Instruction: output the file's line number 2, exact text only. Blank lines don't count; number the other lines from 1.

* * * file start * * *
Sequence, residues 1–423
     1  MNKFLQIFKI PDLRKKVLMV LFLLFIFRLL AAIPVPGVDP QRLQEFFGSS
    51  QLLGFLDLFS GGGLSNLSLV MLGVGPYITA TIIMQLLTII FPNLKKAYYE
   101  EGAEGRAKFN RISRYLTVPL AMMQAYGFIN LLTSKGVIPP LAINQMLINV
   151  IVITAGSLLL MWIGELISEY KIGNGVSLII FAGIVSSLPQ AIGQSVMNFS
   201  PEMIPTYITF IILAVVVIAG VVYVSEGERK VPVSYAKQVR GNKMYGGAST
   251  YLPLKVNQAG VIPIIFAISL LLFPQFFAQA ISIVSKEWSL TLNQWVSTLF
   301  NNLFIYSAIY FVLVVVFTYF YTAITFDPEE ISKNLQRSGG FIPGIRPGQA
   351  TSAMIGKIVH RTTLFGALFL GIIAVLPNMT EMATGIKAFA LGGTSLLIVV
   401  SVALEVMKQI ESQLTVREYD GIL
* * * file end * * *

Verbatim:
     1  MNKFLQIFKI PDLRKKVLMV LFLLFIFRLL AAIPVPGVDP QRLQEFFGSS